Once again, kudos to PitD, a very well-mannered and gracious gentleman, for organizing a splendid event. I had a fantastic time (my first LTH coming-out -- I felt like a debutante) meeting all the noted posters with whom I share a deep love of charred meat nestled between a double layer of tortillas. I look forward to seeing them again sometime in the future in pursuit of other delicacies...a sublime dish of birria...the crustiest Scotch egg...or Seebee's perfect ideal of the chicken taco realized at Ino's.
As for the final tally, I personally feel Zacatacos stood head and shoulders above the rest of the competition, though in all fairness, three of the judges had dropped out by that point and could not render their opinions. The steak was significantly charred, having been clearly fire-grilled, and displayed no tell-tale signs of a visit to the infamous Bucket 'o Grease. It was also chopped well, neither too small nor too large, similar in size to the versions I've had at El Asadero and Las Asadas, which represent my personal benchmarks. With the exception of the tortillas which were store-bought blancas, everything tasted absolutely fresh and homemade despite the well-known fact that the restaurant we visited was but an outpost in a blossoming chain. What really put Zacatacos over the top however, were the two salsas, red and green, available on every table-top in squeeze bottles. The red version was obviously adobo-infused and so, smoky, and quite hot. The green however, had a clean, light, searing burn that persisted afterwards and obviously required beer to ameliorate. PitD, Ms. PitD, and myself partook of a couple bottles of Negra Modelo while Seebee demurred. If there was an off-note, I would have to mention the strong taste of cilantro that permeated the taco. I don't know if soaking the cilantro beforehand would have mitigated the flavor or if it was just due to a particularly aromatic batch. The restaurant itself seems newish, brightly lit, and decorated in primary colors designed to whet the appetite. I estimated somewhere in the neighborhood of 30 - 40 four-tops of the bolted-to-the-ground, melamine-coated variety. As they serve alcohol, I assume no BYO is allowed.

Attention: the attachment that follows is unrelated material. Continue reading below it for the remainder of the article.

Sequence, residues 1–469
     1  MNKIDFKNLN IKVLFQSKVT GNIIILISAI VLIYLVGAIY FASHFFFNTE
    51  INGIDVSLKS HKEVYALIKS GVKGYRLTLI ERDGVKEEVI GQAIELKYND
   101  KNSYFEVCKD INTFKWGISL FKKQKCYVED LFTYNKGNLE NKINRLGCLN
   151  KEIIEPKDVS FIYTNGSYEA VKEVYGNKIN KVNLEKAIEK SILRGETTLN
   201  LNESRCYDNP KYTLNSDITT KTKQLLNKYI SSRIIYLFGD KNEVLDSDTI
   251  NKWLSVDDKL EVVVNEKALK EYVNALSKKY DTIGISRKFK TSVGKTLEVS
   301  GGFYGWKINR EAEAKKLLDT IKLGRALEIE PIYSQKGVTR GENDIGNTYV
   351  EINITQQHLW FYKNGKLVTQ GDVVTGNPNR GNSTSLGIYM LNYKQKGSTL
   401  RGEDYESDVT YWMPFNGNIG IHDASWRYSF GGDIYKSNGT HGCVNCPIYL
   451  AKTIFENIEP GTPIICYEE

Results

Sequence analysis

Most of the other joints we hit were of the family restaurant-type while Zacatacos, was distinctly fast-foodish in appearance, as was Taqueria Aguascalientes. Like Zacatacos, it was fairly large and bustling with activity, occupying one end of a strip mall directly facing a supermercado. While we crossed Aguascalientes off the list because they did not fire-grill their carne asada, the variety of atypical offerings was impressive. Santander upthread, already noted the pork cheek gorditas (cool -- I must have missed this) while Seebee immediately latched onto the liver and onion tacos, which were only 75 cents each. Upon tasting the aforesaid, Ms. UCJames and Seebee declared themselves satisfied never to sample this novelty again, while Ms. PitD and myself allowed that they might grow on us (then again, I like the funky stuff). I thought the mushy al pastor tacos we had ordered were a miss. There was a tub of pickled vegetables (escabeche) on every table along with some unremarkable salsa. I was deeply enamored of the fact that they had a separate cooler in which they stored beer mugs, which were accordingly, nicely frosted when it came time to serve the beer. Plus, the Bohemias came out to only $3.50 apiece. If I lived in the neighborhood, I might never leave the premises. Once again, as they serve alcohol, I assume no BYO is allowed. They also seemed to be having a sale on their tacos, as they were listed in the menu as being $1.90 each, but actually came out to be $1.25 apiece, according to the handbills posted in the windows. As a result, Aguascalientes easily represented the best bang for the buck on this tasting. Count me in as a fan.
Also worthy of mention was Taqueria & Birreria Tototlan, which falls distinctly into the greasy spoon, lunch counter category, complete with wall menus listing cheese fries and hamburgers along with traditional taqueria fare. Although I espied a gas grill, it was never in operation while we there, and I found the tacos a bit greasy, which led me to suspect that they had been made beforehand and refried upon ordering. They were served on coarsely ground, griddled yellow tortillas. Up until Zacatacos, Tototlan had the hottest chipotle salsa we encountered, but as PitD mentioned, the birria stole the show, which I am grateful to Santander for ordering. I must admit to never having tried this dish before, but it made a deep impression on me, so much so that upon returning home, I immediately googled all the birrerias nearby. Having no previous experience with birria, I can't really give an educated opinion of this rendition, so someone, please feel free to chime in. Also, upon my asking, one of the counter persons initially replied that beer was not allowed, but did a double-take, and added that it might